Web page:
Ian Herbert

How can we ensure that the English NHS can cater for the ever rising demand for increasingly expensive healthcare in a period of financial austerity the like of which has not seen for 30 years?

The government’s answer is embodied in its ‘Equity and excellence – Liberating the NHS’ white paper, published last month.

Its major premise is that regulated competition amongst care providers (moderated to ensure that all providers deliver best-practice care known to deliver good outcomes) is a necessary prerequisite to obtaining better outcomes at the lowest cost per patient.

This premise necessitates a wider role of informatics within the NHS. For choice of treatment and provider to be meaningful (and so to drive competition) patients and carers need relevant information.

Involving patients in their care has long-term potential to reduce morbidity (and therefore NHS costs), improve outcomes and increase patient satisfaction.

Examples include giving patients copies of their up-to-date care plans, providing easy access to relevant NHS information and support from elsewhere when patients are unsure what to do.

The white paper also wants to give patients control of their records and the ability to download and distribute them in a standard format. This is a welcome step in the right direction – for clinicians as well as patients.

However, the emphasis on provider and clinician accountability, patient choice, and use of records, will undoubtedly accelerate the implementation of electronic patient records.

Information for carers and patients

When it comes to providing information for GPs, carers and patients, the new consumer body, Health Watch England, will presumably have a say in what is provided.

The white paper says the NHS Health and Social Care Information Centre will commission and collate information, and the new NHS Commissioning Board will set the data and IT standards to make this work.

There will also be a new market in healthcare information, while NHS organisations will be expected to take responsibility for the quality and accuracy of the data they provide.

The clarity about the position and permanence of the Information Centre is welcome. However, there are still plenty of questions to be answered about it. For example, the white paper says: “We will seek to centralise all data returns there.” Does this include data provided by patients and provider staff?

To expect staff to provide data on the quality of the services their employer provides is worthy but carries risks. In the extreme case, the proposals are asking staff to act as whistle blowers, and the NHS has a poor record when it comes to respecting whistle blowers. Further thought is needed about how and where such information should be used and shared.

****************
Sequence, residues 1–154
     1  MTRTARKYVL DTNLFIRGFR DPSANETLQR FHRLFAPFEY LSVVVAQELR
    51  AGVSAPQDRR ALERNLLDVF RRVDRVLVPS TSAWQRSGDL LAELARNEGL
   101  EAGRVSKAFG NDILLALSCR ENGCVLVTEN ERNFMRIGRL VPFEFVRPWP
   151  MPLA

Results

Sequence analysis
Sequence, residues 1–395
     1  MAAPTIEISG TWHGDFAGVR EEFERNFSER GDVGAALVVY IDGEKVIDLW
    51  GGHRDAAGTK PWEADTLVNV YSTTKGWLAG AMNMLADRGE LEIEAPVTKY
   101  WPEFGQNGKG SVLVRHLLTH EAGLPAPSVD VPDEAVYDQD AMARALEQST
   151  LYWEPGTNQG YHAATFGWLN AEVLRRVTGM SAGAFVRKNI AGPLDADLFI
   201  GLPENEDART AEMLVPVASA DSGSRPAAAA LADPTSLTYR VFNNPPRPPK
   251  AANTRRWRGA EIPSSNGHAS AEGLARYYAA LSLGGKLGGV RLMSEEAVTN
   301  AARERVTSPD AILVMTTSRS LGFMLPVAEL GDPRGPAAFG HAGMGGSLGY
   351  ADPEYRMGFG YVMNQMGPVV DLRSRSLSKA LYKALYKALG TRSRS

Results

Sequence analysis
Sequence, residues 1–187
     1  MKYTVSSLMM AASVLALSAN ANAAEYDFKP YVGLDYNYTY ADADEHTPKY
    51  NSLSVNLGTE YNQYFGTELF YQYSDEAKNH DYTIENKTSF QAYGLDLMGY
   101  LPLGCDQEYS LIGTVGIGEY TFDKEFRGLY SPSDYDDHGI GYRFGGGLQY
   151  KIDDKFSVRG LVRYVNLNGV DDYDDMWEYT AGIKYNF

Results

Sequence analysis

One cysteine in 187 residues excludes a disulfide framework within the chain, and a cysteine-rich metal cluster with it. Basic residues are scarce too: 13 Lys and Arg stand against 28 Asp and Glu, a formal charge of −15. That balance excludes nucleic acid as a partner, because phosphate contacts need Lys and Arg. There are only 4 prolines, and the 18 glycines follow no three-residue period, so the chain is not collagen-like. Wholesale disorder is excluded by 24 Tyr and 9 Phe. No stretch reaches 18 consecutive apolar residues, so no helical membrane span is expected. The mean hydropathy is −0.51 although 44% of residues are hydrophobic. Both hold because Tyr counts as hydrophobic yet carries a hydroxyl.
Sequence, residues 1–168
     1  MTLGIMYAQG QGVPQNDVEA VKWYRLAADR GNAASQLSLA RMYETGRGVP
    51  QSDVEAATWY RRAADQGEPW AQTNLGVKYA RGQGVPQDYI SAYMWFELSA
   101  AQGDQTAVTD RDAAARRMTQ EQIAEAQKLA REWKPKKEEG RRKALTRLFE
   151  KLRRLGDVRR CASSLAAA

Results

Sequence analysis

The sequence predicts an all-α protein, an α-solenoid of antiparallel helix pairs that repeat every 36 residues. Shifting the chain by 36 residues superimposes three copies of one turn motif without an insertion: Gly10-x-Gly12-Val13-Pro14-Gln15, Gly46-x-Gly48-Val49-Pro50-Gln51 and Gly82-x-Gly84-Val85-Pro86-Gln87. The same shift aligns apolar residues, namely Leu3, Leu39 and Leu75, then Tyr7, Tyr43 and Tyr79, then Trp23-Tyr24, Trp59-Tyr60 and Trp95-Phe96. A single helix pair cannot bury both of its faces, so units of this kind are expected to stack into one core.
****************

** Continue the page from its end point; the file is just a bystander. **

Good quality data should be complete, accurate, relevant, accessible and timely. It is unrealistic to expect the Information Centre to do anything but detect possible anomalies in the data it receives, and to pass questions back to the data sources for investigation.

It is safer and cheaper to check and correct data as near to its source as possible, doing as much as possible during input. This implies giving the originators the tools, expertise, time and motivation to do this. Some central facilitation of data quality practices, as exemplified by PRIMIS+, would pay dividends for providers, and the NHS as a whole.

Once collected, the presentation of results to patients and the public in a way that is easy to use and attracts interest is a particular skill. This is a major opportunity for informatics suppliers with strong ethnographic skills.

Obtaining and using patient outcomes data is gold standard stuff, but an intellectual and practical challenge. In many cases, all that can be expected are immediate outcomes – for example, no post-operative infection, no readmission within x days and a good patient experience rating.

Many outcomes are slow to show (cancer survival rates) and/or are difficult to measure (quality of life in chronic diseases such as diabetes or arthritis). Patient-related outcome measures will provide additional outcome-related data. Undoubtedly, though, there will be advances that allow long-term outcomes to be forecast in the short term.